These brooches are Mexican silver. On the front are inlaid pieces of what looks to be mother of pearl. The one on the right is quite large, measuring around 2″ in diameter. One of them is missing the pin locking mechanism, which might be tough to fix.


These old sterling Mexican cufflinks are unfortunately scrap metal at this point, as one of the clasps has broken off. It’s a shame, as they’d be pretty cool otherwise.


It’s also a shame that this bracelet is missing a stone. It might not be too noticeable if use a stone from near the clasp to replace the one that’s missing, which is closer to the middle. This piece is also Mexican silver.


The back of the pendant on this necklace is marked “Noras,” which doesn’t bring up much on Google. It’s not sterling, but might be silver plate or pewter. It’s definitely made for someone with a smaller neck. It’s quite beautiful, and definitely of the modernist style.


I thought this insect-like pendant was pretty cool.


It’s also marked sterling. In addition to a bird mark, it looks like there’s another faded mark above the “Sterl.” I’ll have to do some research on this one, as it could be quite valuable depending on who designed it.


Speaking of which, here’s a great example of a valuable designer piece.

I might not have known if not for a knowledgeable reader named Joann dropping by at just the right time. She came for a metal stamp box I found a few weeks back, and I offered to give it to her for free in exchange for helping me identify some pieces I thought might be bakelite (they were!).

She happened to come by the day after I found all this jewelry. I was photographing it all on a white table in the front hall (the backdrop for nearly all my photos) when she arrived. She’s had a lifelong interest in jewelry, so we ended up looking at it together for a bit. When she saw this bracelet, she instantly identified it as being made by one of Quebec’s most renown brutalist jewelry makers of the 60s and 70s.


We couldn’t find the signature at first, but it eventually did turn up. The artist is Guy Vidal, who was apparently a Montreal-based designer. According to this article by Roberta Peach, these Canadian brutalist jewelers, Vidal included, were not well recognized until fairly recently. Now, the market is eating them up. Check out these realized prices on eBay – some pieces are selling for 200$ or more!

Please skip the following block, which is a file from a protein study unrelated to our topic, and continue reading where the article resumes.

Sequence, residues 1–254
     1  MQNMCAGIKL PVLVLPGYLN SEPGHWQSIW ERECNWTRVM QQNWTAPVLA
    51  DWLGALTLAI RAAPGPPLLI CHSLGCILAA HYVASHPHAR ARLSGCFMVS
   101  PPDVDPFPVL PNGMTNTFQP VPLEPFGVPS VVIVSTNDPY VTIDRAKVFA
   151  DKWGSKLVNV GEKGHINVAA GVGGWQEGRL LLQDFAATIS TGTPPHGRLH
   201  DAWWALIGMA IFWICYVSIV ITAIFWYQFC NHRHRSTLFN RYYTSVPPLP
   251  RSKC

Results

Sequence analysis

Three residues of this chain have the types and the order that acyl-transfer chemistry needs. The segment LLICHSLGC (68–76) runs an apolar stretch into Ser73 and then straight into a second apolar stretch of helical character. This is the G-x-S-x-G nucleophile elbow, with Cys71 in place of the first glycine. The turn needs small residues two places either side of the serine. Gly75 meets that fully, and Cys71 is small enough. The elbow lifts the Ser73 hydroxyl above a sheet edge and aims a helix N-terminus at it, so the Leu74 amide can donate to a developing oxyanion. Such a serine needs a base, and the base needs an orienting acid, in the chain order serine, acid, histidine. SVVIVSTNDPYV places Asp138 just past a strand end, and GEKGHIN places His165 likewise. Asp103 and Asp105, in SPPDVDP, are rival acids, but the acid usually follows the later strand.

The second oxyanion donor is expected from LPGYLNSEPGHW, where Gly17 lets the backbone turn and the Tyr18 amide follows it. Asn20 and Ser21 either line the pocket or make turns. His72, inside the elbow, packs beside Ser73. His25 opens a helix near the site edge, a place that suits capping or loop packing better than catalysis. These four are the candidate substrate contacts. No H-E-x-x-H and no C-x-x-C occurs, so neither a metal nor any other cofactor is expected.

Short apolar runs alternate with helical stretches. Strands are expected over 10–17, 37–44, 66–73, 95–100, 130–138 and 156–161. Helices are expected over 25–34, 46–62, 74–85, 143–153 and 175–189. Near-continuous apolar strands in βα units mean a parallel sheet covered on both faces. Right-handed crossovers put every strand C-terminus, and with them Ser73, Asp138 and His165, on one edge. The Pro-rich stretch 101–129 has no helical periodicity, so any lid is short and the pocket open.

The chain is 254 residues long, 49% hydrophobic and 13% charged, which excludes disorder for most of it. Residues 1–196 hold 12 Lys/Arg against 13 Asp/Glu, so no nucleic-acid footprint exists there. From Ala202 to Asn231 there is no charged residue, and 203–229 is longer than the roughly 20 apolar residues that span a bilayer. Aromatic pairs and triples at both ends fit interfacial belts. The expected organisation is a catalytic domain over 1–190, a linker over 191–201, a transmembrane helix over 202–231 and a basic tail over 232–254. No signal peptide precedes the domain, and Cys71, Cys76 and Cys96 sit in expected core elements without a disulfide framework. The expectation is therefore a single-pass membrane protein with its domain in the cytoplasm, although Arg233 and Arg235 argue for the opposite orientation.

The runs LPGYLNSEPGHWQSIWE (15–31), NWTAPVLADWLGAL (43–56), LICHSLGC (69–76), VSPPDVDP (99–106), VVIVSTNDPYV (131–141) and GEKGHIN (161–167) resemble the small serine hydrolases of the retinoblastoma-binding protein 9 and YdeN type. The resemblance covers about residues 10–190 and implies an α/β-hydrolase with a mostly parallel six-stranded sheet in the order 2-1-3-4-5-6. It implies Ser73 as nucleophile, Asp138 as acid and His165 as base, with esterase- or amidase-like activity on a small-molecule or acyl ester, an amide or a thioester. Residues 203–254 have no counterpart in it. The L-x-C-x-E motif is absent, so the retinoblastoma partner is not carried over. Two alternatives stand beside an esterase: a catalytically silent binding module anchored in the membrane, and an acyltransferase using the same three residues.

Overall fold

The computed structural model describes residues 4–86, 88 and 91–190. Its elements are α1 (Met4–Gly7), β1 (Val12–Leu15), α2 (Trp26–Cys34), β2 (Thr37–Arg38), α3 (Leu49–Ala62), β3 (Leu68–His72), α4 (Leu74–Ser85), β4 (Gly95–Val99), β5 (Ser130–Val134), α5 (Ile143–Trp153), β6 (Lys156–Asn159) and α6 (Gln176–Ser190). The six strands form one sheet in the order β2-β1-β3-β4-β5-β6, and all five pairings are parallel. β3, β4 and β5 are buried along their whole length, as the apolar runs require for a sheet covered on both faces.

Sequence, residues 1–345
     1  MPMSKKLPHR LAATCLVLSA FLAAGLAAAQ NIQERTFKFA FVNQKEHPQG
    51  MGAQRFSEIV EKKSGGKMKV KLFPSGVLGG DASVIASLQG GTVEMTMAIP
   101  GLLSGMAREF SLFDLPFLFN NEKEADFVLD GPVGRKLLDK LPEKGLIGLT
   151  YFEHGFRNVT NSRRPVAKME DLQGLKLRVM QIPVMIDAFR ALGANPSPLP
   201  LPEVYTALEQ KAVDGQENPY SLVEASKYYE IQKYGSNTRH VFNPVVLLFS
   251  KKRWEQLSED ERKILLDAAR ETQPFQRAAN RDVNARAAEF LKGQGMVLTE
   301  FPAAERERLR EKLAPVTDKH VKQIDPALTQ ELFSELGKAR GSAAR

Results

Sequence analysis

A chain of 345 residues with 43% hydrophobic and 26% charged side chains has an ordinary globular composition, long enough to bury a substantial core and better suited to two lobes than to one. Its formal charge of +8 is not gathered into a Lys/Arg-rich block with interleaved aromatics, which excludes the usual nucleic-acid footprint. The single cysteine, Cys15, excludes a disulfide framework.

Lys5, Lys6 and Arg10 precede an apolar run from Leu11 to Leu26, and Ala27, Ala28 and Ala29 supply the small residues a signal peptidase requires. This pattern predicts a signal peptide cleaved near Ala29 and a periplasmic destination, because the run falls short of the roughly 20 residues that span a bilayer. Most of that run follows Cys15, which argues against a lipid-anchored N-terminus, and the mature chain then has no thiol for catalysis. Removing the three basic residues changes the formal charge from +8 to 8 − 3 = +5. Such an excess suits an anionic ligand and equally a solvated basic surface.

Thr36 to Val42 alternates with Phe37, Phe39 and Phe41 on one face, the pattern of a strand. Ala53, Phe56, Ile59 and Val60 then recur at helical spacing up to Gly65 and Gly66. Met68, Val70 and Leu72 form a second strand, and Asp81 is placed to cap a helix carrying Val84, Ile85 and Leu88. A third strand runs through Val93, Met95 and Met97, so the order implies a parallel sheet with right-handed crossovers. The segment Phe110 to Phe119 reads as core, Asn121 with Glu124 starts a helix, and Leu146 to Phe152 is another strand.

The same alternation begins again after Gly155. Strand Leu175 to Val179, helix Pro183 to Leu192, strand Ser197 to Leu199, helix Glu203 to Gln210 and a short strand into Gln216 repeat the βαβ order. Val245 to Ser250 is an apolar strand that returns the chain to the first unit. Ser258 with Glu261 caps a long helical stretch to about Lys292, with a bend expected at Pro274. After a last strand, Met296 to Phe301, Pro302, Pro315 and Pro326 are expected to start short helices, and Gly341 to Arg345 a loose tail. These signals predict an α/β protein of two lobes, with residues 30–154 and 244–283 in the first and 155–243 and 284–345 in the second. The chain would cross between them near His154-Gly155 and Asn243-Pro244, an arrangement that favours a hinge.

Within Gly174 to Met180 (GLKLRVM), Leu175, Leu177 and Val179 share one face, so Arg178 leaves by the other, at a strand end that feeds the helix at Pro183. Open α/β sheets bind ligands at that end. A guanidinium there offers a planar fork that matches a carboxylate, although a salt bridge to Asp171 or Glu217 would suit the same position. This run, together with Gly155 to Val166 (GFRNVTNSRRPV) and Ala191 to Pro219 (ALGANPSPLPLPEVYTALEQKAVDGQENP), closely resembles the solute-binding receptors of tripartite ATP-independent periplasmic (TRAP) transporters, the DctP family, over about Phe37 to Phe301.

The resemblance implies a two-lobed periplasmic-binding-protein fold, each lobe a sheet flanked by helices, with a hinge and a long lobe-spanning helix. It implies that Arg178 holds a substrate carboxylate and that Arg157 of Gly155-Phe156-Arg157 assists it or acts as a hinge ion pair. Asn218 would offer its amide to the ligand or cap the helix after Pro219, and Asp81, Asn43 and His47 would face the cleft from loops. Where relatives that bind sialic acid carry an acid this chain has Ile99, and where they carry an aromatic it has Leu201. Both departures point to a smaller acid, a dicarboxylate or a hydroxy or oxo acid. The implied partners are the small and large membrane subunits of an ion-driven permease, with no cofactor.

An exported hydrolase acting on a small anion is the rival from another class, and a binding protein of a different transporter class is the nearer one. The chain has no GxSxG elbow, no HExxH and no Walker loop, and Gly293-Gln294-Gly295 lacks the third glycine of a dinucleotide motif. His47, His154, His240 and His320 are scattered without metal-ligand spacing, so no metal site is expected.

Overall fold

These earrings are also signed by Vidal.



I can’t find a signature on these, but they definitely look like they match the bracelet.


Same goes for this little pin. It looks to be made of brass, and is also very artfully designed. The center is adorned with what looks to be tiny pearls.

I definitely learned a lot from this experience. For one, I realize that not all valuable jewelry is silver and gold. I also learned what bakelite smells like. I owe many thanks to Joann for her help!

I look forward to checking back on this place going forward. When someone throws out eight loonies and a treasure trove of jewelery you know they’re not paying much attention to what they’re tossing. That’s obviously good news for a scavenger like me.

Last week’s garbage sales (March 9 – March 15)


1. Vintage Snoopy poster: On eBay for 140$. It took a while, but this nice old poster finally found a buyer. Found last summer in TMR. (It’s the pink one in the picture above – the blue one is still listed).

2. Passover Haggadah book, 1956: On eBay for 8$. Found last summer in Snowdon.


3. Vintage Susy Goose barbie house: On eBay for 15$. Also found last summer in Snowdon. This piece sat around for a while, and I recently lowered the price a fair bit just to get it out the door.


4. 1952 Curling pin: to a reader for 4$. Found last week in Hampstead.
5. Small change: returned to the bank for 6$. Found in various places.


6. Fortune telling card deck: on eBay for 30$. Found last month in Verdun.
7. Cast iron pot: to my room-mates mom for 5$. Found this week.
8. Loonies: 8$ that went straight to my pocket. Found this week.

Total: 216$, 13121$ since May 18 2014 and 3438$ since the new year began. A decent week, if nothing special by recent standards.

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1. Guy Laroche "Fidji" Eau de Toilette
2. MyKronoz Smart Watch
3. Second Victory Bond (WWII) Certificate of Honour